Ohio needs to close the gap between expectations and school funding

by Andy Benson on January 26, 2013

Ohio school districts seem to live in two worlds. There is one world where ever higher standards and accountability from the state and federal governments – and employers and colleges – are demanding that all graduates be ready for college and careers. There is another world where the state calculates an amount of state aid to local school districts that, with local resources available, pays for educating children from kindergarten through 12th grade.

They are two worlds because the state has no way of knowing whether the funds that are available in any given school district is sufficient to ensure that all students are ready for college and careers. When the state requires even more from school districts in student performance, it does not necessarily calculate the true amount of dollars needed to ensure districts can take the necessary steps to help students reach those higher standards.

In about a week, Ohio Governor John Kasich is expected to introduce a state budget proposal for FY 2014-15 that will include a new school funding formula for primary and secondary education. His administration has indicated that the state will be paying closer attention to making sure students get the resources they need to be successful. If so, that would be a significant accomplishment, and one that is long overdue.

The current method of determining state aid couldn’t be farther from that. Over the last two years, school districts have gotten state aid based on a calculation made from what money was available last year and how much local money they have to spend. With deep cuts of up to 15% in aid to local school districts over the last two years, and with some districts seeing larger cuts due to changes in state tax policy, that amount seems more arbitrary than ever before.

That creates frustration for Ohio’s educators who are continuously asked to do more with less and for education reformers, who are pressing for changes and results but get pushback from local school districts about unfunded mandates. The necessary calls for more efficiency – which we have joined over the last few years – can only carry the public education so far before a lack of resources starves out progress and reforms.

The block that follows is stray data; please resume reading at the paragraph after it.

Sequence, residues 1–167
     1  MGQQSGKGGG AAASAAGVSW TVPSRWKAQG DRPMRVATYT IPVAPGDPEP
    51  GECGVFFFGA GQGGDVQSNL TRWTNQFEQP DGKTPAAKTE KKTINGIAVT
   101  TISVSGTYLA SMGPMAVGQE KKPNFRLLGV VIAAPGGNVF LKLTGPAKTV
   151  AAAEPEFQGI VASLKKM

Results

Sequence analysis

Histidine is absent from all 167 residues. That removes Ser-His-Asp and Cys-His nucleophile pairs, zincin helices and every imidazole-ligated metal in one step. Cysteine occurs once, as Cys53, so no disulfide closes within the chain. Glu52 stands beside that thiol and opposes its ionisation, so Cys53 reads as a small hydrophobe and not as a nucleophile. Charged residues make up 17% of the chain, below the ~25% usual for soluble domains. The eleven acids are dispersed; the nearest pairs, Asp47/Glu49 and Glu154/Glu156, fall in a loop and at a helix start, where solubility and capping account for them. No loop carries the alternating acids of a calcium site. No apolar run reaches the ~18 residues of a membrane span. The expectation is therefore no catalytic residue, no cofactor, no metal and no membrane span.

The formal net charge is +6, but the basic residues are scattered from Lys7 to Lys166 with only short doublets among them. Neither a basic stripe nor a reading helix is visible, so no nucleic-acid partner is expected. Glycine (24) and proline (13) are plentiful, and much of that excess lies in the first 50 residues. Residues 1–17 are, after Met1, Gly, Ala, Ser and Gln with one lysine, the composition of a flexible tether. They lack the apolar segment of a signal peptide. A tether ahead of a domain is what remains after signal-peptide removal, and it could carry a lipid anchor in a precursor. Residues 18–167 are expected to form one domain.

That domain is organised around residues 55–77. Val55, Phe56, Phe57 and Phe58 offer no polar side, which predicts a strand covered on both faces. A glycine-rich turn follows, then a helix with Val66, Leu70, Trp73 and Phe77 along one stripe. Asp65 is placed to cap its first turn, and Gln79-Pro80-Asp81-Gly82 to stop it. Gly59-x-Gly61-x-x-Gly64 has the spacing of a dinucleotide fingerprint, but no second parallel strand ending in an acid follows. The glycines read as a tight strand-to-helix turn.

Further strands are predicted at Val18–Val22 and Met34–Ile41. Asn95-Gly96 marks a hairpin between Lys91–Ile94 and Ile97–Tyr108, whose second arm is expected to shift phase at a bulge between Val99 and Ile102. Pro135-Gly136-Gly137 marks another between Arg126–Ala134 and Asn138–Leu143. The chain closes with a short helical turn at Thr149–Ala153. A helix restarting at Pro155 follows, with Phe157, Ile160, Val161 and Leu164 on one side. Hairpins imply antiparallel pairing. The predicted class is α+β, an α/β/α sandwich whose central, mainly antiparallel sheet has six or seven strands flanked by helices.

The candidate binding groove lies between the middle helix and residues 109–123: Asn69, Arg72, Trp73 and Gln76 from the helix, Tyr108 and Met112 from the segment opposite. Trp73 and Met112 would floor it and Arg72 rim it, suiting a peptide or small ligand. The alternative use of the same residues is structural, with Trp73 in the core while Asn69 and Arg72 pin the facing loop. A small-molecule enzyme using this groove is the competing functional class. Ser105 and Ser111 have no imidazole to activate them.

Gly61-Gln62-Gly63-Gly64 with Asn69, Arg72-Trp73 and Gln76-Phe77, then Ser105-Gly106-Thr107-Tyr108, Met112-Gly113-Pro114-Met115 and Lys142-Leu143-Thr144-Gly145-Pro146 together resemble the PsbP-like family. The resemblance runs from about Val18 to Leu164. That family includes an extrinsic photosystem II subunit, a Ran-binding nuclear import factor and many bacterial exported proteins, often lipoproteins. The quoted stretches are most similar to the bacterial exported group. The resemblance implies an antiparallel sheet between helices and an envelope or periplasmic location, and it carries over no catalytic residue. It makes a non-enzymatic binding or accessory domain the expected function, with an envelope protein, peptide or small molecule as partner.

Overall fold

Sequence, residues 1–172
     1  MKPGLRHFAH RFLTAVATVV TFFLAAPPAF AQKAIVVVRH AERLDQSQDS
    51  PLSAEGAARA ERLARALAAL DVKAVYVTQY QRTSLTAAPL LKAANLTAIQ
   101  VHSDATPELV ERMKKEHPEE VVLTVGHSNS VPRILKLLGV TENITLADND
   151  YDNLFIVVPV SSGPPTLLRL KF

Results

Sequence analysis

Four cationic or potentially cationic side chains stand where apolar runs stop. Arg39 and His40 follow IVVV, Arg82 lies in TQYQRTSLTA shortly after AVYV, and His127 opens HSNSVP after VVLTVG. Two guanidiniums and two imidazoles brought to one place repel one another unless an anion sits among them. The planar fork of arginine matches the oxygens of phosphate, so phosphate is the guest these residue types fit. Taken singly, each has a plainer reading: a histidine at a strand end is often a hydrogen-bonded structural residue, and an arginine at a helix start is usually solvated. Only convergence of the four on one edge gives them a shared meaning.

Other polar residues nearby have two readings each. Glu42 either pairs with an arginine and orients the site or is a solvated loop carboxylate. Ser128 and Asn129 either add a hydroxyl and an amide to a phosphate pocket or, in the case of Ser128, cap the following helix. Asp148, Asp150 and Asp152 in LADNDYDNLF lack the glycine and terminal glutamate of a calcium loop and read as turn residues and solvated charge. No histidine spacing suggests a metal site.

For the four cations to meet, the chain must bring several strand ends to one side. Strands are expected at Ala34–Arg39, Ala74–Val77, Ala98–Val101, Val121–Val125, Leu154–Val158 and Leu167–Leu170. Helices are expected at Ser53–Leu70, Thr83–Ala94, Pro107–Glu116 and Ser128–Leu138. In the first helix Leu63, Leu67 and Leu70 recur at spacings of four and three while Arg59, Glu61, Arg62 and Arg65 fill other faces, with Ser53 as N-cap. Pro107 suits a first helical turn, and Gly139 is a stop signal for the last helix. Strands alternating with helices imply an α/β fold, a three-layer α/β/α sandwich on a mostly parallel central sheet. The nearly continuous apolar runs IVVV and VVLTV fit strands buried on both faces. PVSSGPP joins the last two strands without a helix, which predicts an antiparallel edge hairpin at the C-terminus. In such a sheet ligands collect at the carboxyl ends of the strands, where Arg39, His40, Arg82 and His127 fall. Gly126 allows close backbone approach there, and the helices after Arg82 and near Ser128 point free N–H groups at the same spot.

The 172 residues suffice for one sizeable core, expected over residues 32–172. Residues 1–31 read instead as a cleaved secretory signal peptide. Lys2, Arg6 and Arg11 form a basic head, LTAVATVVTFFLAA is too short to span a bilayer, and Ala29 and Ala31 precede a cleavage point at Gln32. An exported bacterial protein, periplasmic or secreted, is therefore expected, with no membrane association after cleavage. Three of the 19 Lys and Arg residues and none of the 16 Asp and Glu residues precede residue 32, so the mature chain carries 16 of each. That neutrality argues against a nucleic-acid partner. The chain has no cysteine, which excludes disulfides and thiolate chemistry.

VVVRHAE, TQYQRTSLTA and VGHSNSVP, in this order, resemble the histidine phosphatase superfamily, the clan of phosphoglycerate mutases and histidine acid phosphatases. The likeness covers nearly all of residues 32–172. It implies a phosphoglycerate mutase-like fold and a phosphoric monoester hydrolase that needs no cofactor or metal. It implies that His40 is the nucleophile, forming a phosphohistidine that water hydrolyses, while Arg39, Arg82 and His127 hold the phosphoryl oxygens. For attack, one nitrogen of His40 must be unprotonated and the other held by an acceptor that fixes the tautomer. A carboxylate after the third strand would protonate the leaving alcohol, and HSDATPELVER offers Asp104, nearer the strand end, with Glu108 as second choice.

In order to keep reforms moving and ensure that districts have a reasonable amount of resources to raise academic achievement, the state needs to create a new school funding formula that accomplishes the following:

  • Costs out an adequate amount that is considered by most to be reasonable to support instruction that meets the state’s goals for student success. There is no one way to do this, but reasonable minds should see the logic of the calculation and at least understand how and why the calculation is being made.
  • In this costing out, the state should seek a close tie between the academic outcomes they want to see and the resources that are producing those outcomes. In other words, look at the schools and districts getting the best outcomes and see how they are spending their money on instruction. Base the funding formula on an aggregate of that amount.
  • The state should ensure that schools and districts are being the most efficient they can be in non-instructional spending by setting a benchmark for efficiency in transportation, building maintenance, operations and administration and funding at that level.
  • Finally, the state needs to promote innovation by creating an Innovation Fund that would support changes needed in teaching and learning so all students graduate with the skills needed for college and careers.

We’ve been working on a school funding formula that we think can accomplish this, and we are eager to see whether what the Governor proposes matches up. If so, then Ohio will be well on its way to – finally – bringing together what it wants to achieve and the resources to get it done.

Andrew Benson is executive director of Ohio Education Matters, a subsidiary of KnowledgeWorks. He has been working on school funding issues for nearly two decades.

 

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